A Dallas innovator who has tackled projects from rocketry to virtual reality has his sights on the next generation of artificial intelligence for his next venture.
John Carmack, the former chief technology officer at VR giant Oculus, has raised $20 million for Keen Technologies, a new startup focused on artificial general intelligence (AGI)—the type of AI system that can carry out the functions of humans.
“It’s clear that if AGI were to be achieved, that would change the course of human history,” Carmack said in an interview with MIT researcher, AI expert, and podcaster Lex Fridman. “We can (eventually) make something that behaves like a human being or like a living creature, and that can then be educated in whatever ways that we need to.”
At more than five hours, Carmack’s interview with Fridman was “officially the longest conversation” the podcaster has ever had on the show.
“We didn’t even cover half the things we wanted to talk about,” said Carmack, who discussed gaming, rockets, VR, AR, AI, nuclear energy, hacker ethic, the meaning of life, and more. “Everything winds up overlapping.”
Funding as a ‘focusing effort’
In the interview, Carmack said his interest in AGI partially began a few years ago, when he was approached by Sam Altman, who tried to recruit Carmack to his AI research laboratory OpenAI. After moving to a consulting CTO role with Meta, Oculus’ parent company, Carmack said he initially intended to take the “Victorian gentleman scientist” approach to AGI, using his wealth to pursue scientific endeavors he enjoyed.
Now, with his “arms around” the concepts, theories, and history behind AGI, Carmack said the funding from outside investors is a “focusing effort,” forcing him to laser in on the problem with a “greater sense of discipline and determination,” since other peoples’ money is involved.
“I could write a $20M check myself, but knowing that other people’s money is on the line engenders a greater sense of discipline and determination,” Carmack tweeted last week. “I had talked about that as a possibility for a while, and I’m glad Nat [Friedman] pushed me on it.”
Tech leaders back Keen Technologies
Former GitHub CEO Nat Friedman and Cue co-founder Daniel Gross led the $20 million funding round. Other individual investors included Stripe leader Patrick Collison and Shopify’s Tobi Lütke. VC firms Sequoia Capital and Austin-based Capital Factory also participated in Keen Technologies’ raise.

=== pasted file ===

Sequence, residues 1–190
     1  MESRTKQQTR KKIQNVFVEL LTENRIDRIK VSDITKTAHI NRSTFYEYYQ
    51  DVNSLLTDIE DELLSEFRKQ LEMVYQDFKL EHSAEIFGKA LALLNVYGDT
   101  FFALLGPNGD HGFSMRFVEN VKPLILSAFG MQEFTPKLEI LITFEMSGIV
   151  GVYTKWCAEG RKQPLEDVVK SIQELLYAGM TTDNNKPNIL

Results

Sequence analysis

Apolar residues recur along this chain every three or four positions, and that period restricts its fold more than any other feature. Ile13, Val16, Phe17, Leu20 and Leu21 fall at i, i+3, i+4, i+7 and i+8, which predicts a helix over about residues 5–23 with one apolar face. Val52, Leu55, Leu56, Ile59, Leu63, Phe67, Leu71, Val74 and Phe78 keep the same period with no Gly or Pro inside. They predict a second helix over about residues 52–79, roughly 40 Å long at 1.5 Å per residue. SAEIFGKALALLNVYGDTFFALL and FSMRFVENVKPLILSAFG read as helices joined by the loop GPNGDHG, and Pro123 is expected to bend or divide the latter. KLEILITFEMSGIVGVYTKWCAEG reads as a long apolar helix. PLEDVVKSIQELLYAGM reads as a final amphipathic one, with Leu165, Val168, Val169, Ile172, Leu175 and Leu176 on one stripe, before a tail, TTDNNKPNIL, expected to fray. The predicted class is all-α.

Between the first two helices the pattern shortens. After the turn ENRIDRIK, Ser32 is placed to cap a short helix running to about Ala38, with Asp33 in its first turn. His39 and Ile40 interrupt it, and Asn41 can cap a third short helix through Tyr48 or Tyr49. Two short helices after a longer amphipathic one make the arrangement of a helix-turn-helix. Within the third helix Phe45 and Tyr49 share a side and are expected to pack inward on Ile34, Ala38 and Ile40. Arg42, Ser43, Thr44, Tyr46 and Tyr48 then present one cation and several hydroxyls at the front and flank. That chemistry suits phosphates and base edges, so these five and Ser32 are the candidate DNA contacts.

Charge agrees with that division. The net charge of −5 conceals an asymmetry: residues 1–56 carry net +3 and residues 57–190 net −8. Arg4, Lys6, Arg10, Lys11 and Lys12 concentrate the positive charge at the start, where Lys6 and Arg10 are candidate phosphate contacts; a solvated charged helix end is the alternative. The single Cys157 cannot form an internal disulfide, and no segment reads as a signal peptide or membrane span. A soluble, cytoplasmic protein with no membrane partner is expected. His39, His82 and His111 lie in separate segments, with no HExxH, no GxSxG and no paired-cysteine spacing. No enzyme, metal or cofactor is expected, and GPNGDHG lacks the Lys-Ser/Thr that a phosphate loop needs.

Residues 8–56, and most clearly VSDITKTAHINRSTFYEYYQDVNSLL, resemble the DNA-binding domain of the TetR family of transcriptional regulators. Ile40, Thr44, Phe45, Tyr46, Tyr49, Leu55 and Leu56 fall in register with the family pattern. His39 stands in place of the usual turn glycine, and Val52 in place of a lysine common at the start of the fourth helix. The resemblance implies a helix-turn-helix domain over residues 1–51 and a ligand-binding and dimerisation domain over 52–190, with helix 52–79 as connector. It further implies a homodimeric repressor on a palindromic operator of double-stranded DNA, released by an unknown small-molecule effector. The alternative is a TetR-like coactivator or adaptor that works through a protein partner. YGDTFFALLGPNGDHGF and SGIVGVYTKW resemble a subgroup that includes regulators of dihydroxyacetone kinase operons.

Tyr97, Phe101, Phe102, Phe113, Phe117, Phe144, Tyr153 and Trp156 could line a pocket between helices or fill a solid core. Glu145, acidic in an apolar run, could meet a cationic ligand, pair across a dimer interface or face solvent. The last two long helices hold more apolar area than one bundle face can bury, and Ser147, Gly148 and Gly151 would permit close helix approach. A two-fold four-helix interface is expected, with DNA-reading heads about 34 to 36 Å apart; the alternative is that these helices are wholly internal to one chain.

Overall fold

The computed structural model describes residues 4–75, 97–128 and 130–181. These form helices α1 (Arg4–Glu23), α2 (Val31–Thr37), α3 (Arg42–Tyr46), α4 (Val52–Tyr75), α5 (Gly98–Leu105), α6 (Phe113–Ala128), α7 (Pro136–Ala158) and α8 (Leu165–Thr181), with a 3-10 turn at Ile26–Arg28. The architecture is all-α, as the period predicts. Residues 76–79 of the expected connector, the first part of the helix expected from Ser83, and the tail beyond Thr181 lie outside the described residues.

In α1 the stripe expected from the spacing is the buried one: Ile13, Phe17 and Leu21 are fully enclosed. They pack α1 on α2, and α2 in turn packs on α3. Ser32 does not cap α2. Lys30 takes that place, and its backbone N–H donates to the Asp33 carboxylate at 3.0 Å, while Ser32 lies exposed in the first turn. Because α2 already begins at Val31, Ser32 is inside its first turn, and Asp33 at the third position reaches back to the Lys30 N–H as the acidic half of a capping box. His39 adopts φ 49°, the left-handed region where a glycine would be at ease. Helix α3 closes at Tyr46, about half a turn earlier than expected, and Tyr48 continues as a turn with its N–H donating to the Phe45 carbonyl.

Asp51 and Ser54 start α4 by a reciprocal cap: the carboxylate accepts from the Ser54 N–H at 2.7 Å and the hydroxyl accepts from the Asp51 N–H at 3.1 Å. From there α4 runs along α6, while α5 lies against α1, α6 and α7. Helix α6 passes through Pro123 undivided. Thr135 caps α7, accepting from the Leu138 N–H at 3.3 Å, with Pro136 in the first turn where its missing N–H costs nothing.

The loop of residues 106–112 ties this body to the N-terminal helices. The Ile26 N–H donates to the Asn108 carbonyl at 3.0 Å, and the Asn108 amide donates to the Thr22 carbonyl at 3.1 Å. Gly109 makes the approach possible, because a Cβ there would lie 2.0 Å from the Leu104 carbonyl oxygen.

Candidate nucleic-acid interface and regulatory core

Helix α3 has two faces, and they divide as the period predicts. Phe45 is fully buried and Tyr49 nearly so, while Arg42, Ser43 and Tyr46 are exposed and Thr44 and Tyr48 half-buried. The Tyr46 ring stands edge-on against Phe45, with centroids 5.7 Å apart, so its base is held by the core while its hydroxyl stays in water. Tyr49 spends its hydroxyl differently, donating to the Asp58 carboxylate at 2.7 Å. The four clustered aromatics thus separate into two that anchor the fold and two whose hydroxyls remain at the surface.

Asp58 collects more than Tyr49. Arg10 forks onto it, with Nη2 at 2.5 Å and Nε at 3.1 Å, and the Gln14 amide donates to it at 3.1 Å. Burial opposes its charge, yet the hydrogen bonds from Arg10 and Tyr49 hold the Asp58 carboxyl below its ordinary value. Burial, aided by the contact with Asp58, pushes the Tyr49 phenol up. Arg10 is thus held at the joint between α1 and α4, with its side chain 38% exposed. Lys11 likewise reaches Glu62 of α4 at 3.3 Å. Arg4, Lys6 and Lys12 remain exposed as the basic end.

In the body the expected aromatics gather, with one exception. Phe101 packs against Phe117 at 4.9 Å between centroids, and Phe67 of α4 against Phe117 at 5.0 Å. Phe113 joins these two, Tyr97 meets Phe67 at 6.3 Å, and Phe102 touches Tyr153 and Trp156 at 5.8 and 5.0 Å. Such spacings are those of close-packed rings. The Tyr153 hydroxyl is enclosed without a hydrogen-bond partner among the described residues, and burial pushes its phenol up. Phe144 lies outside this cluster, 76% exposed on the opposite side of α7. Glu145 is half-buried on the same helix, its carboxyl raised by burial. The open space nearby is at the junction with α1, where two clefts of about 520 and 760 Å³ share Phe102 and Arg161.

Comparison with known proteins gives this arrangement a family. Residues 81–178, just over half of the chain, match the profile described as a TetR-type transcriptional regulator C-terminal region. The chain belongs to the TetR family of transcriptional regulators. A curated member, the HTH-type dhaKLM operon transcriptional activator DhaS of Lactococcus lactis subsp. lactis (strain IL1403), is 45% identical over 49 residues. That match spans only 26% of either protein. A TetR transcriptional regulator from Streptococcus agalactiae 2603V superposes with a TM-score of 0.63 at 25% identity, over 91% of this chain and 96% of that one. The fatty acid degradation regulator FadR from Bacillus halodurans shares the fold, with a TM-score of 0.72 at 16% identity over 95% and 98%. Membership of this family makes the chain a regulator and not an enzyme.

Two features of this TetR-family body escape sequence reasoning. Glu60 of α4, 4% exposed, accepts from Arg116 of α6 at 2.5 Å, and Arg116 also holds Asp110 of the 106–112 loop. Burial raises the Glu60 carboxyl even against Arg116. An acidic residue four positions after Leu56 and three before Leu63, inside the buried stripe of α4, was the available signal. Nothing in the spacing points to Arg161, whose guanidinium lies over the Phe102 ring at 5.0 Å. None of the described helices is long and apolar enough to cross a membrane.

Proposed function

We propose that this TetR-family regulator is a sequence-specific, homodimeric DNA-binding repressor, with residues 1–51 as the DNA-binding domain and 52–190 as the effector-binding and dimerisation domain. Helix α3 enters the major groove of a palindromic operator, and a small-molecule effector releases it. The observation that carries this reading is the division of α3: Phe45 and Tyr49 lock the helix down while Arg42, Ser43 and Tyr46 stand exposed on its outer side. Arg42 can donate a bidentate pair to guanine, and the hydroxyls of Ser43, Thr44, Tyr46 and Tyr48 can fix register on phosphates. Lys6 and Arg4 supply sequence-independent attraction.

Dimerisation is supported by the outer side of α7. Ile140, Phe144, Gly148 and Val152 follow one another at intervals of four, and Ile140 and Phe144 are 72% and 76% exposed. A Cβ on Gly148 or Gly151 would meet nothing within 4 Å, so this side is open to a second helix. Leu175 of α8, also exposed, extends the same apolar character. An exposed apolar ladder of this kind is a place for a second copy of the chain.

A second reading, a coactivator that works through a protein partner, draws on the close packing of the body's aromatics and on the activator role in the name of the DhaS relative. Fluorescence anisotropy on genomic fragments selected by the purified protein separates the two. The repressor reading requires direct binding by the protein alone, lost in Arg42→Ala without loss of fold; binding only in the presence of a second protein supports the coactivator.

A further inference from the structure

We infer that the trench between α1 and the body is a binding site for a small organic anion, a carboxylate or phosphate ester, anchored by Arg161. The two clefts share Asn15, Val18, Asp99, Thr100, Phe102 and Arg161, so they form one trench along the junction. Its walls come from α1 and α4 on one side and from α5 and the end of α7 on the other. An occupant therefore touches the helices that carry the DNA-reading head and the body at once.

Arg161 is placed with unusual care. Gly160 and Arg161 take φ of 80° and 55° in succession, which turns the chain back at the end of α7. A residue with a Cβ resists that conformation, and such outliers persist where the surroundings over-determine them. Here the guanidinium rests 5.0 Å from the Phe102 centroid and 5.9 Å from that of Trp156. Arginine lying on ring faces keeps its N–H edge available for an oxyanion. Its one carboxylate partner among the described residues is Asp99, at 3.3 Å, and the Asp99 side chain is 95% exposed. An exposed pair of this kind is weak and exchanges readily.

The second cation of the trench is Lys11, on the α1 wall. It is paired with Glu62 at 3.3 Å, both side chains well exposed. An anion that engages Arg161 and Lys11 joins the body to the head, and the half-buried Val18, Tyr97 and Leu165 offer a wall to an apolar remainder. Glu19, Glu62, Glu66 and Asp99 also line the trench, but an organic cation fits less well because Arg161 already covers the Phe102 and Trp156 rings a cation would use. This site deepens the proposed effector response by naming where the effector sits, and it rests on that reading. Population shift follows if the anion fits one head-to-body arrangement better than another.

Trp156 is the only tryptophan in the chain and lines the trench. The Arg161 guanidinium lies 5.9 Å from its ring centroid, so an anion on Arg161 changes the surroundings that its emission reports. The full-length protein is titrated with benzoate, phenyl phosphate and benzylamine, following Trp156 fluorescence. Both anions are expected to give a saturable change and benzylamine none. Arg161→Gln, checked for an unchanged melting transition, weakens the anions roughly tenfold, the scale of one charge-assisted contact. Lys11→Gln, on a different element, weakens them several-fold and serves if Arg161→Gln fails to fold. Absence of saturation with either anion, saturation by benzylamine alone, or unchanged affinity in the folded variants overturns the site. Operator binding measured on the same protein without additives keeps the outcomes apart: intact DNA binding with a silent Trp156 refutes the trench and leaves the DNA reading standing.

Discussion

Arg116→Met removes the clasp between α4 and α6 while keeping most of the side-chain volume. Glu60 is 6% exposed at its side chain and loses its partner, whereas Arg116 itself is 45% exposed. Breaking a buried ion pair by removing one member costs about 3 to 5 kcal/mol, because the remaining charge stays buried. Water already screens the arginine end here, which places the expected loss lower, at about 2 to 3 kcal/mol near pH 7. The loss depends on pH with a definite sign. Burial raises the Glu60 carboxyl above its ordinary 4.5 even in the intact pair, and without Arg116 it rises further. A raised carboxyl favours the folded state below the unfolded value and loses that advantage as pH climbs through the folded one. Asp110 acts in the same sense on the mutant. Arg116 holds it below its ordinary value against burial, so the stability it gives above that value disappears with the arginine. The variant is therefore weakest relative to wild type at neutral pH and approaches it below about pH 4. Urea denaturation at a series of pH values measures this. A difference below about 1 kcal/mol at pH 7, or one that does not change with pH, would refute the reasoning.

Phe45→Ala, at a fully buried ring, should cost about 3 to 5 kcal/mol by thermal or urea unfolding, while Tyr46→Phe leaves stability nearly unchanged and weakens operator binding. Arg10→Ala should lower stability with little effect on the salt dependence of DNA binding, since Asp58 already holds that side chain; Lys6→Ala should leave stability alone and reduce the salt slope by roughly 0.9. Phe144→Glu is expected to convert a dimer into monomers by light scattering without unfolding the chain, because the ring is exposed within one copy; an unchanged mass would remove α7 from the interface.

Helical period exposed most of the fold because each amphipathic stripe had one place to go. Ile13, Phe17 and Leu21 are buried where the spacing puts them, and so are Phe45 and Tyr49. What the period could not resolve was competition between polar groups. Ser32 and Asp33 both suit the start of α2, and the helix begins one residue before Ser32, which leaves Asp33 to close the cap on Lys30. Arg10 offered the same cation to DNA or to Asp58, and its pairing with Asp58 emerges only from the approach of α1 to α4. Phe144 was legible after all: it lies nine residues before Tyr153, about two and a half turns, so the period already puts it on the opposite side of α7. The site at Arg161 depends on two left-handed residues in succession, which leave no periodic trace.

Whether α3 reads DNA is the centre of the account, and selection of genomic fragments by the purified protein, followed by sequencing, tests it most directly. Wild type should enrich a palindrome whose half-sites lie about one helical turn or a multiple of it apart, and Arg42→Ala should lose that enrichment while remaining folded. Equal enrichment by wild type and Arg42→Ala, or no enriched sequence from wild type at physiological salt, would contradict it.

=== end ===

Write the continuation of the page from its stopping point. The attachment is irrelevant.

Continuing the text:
In the interview with Friedman, Carmack said he believes AGI is likely less than a decade from entering the market. He added that coding for it will probably take less lines of code than previously thought. While not getting into the specifics of what Keen Technologies is working on, Carmack said he sees AGI reaching the point of becoming a “universal remote worker,” completing tasks typically done by employees mediated by a computer.
“I want to be able to have the AIs either socially interact with each other or, critically, with actual people,” Carmack said in the interview.
Carmack to stay with Meta as consultant; programmed Doom and Quake
While focusing on Keen Technologies, Carmack said he will continue working as a consultant with Meta on things related to virtual reality, “devoting about 20%” of his time with the company formerly known as Facebook.
Carmack has a history of working on disruptive technologies in North Texas. After a stint at software company Softdisk, Carmack co-founded Richardson-based video game development firm id Software, where he was lead programmer on titles like Doom and Quake. Prior to joining Oculus, which Meta bought in 2014 for $2 billion, Carmack founded Mesquite-based Armadillo Aerospace, which was focused on developing suborbital spacecraft for tourism.
“I come at this from a different background, different history than the people that have had the largely academic backgrounds,” Carmack told Friedman. “I have a different set of experiences and approaches to problems and systems engineering that might turn out to be useful, and I can afford to take that bet. I have enough money to fund myself working on this for the rest of my life, but what I was finding was that I was still not committing.”
Quincy Preston contributed to this story.
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